When a batsman is in the kind of form you are in, there could be a tendency to relax or try something new, take more risks. But you stick to your methods unflinchingly. Is that a big reason for your consistency?
It is a conscious effort, to be very honest. It is more like ‘Eat, sleep, train, repeat’. If you want to be consistent, you need to be boring with your training, your food and your batting habits. You cannot take the sport for granted. During the last match (against Mumbai Indians) I told Dan (Vettori, RCB’s head coach) that I felt like I could hit every ball of the first over from Tim Southee for a six. But I stopped myself because I don’t want to disrespect the sport. I want to build my innings in the same way every time I go in to bat. Sometimes I will get out, like I did in the last game. But as long as I know that I wasn’t getting ahead of myself, I am okay. Once you start taking the sport and your form for granted, a bad patch comes in and it makes you chase after every single run. And trust me, it is the worst feeling. Yes, you have to have confidence and faith in your ability, but at the same time, balance it out with respect for the sport and the willingness to do the same thing again and again each time you go out to bat.

You took Shivil Kaushik to the cleaners today. In the T20 age where spinners have become defensive, bowling faster and flatter, how do you capitalise to score against them?

I try and stay as low as possible and try to understand what the bowler is thinking. You need to get into the bowler’s head. When the ball is turning a bit, he will start to bowl back of length and won’t give you anything up because he knows that you can step out and hit him for a six – it was something that Jadeja was doing today. That’s when you need to stay on the backfoot. But when the chinaman bowler (Shivil Kaushik) came in later on, I knew he was not going to have a lot of control with his length. So, I was ready on the front foot. But I didn’t step out because I didn’t want to give him a chance to adjust and bowl back of length and turn the ball. (Virat hit Kaushik for four sixes and a four in the 19th over). If there is no turn in the pitch, even if it’s a flat ball, I would go for a six straight over the bowler’s head or over covers. Otherwise I try to stay as still as possible. As you mentioned, the timing of the stepping out is very important.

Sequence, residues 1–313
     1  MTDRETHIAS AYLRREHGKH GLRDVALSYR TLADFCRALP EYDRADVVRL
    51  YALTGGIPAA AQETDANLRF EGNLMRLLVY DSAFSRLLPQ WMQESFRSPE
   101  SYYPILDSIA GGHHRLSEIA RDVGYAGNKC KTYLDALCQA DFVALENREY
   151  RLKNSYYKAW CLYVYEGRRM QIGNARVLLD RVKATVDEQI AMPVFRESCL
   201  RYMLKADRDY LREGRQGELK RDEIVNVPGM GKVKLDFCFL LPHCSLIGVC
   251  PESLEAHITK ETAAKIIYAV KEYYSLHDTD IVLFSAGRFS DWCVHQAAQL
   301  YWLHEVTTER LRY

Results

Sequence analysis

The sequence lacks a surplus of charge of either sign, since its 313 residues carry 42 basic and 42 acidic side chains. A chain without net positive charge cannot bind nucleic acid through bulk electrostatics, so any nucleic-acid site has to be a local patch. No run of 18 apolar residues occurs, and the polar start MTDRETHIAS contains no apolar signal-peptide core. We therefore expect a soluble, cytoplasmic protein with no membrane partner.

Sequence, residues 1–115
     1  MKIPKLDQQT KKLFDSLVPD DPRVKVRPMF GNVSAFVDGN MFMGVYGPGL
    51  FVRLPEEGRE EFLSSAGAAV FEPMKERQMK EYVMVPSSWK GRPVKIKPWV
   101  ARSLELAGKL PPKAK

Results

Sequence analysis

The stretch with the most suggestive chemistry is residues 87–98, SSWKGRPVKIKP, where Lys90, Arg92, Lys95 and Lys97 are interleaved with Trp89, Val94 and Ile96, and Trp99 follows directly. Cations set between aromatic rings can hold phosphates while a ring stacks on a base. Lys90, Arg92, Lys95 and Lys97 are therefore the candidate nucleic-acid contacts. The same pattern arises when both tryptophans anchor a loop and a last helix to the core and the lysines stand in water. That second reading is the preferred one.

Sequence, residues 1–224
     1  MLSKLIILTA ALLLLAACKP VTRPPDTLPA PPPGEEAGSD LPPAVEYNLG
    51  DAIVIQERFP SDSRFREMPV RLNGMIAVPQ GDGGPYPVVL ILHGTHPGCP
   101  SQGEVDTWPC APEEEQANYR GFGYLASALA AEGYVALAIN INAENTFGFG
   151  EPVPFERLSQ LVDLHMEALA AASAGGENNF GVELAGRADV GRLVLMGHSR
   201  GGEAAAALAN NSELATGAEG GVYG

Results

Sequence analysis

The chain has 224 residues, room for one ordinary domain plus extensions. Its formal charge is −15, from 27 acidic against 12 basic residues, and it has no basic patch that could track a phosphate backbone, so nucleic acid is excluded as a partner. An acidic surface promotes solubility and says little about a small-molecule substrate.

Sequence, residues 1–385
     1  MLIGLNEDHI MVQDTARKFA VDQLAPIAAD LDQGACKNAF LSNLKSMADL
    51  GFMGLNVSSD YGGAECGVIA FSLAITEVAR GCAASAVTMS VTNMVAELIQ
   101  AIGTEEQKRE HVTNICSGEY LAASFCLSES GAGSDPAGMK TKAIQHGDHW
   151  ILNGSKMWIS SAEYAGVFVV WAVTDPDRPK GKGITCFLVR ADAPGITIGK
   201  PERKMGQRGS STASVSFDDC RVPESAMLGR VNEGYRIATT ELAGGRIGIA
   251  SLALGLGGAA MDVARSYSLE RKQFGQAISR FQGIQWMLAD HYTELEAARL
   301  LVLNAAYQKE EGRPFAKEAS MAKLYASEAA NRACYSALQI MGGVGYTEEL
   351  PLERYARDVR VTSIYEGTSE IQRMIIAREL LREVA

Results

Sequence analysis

Now, you and AB de Villiers: The chemistry between the two of you is unbelievable. What is the conversation like in the middle? Is it a mutual admiration society out there?
Yes, it absolutely is. There is no conversation. There doesn’t have to be any conversation when batting with AB. More so, because we think very alike about how we want to bat and approach an innings. All we do is keep giving each other confidence and assuring each other, ‘Yes, you should go for your shots’ or ‘No, right now you should not go for the big shots’. That’s about the only conversation we have out there because we have such good understanding between us. We know what to do at what stage of the game, how to run hard, which fielder to target, etc. We understand each other so well because we are really good friends off the field. That helps. And it is a pleasure to bat with AB. I told him that today as well. The kind of shots he plays, you feel embarrassed. You feel like you can never do that. He sweeps the fast bowlers over the roof! I mean, I had never heard of something like that. This was our second 200-plus run partnership – we had one last year as well – and I am really grateful for these beautiful days.
© Shirin Sadikot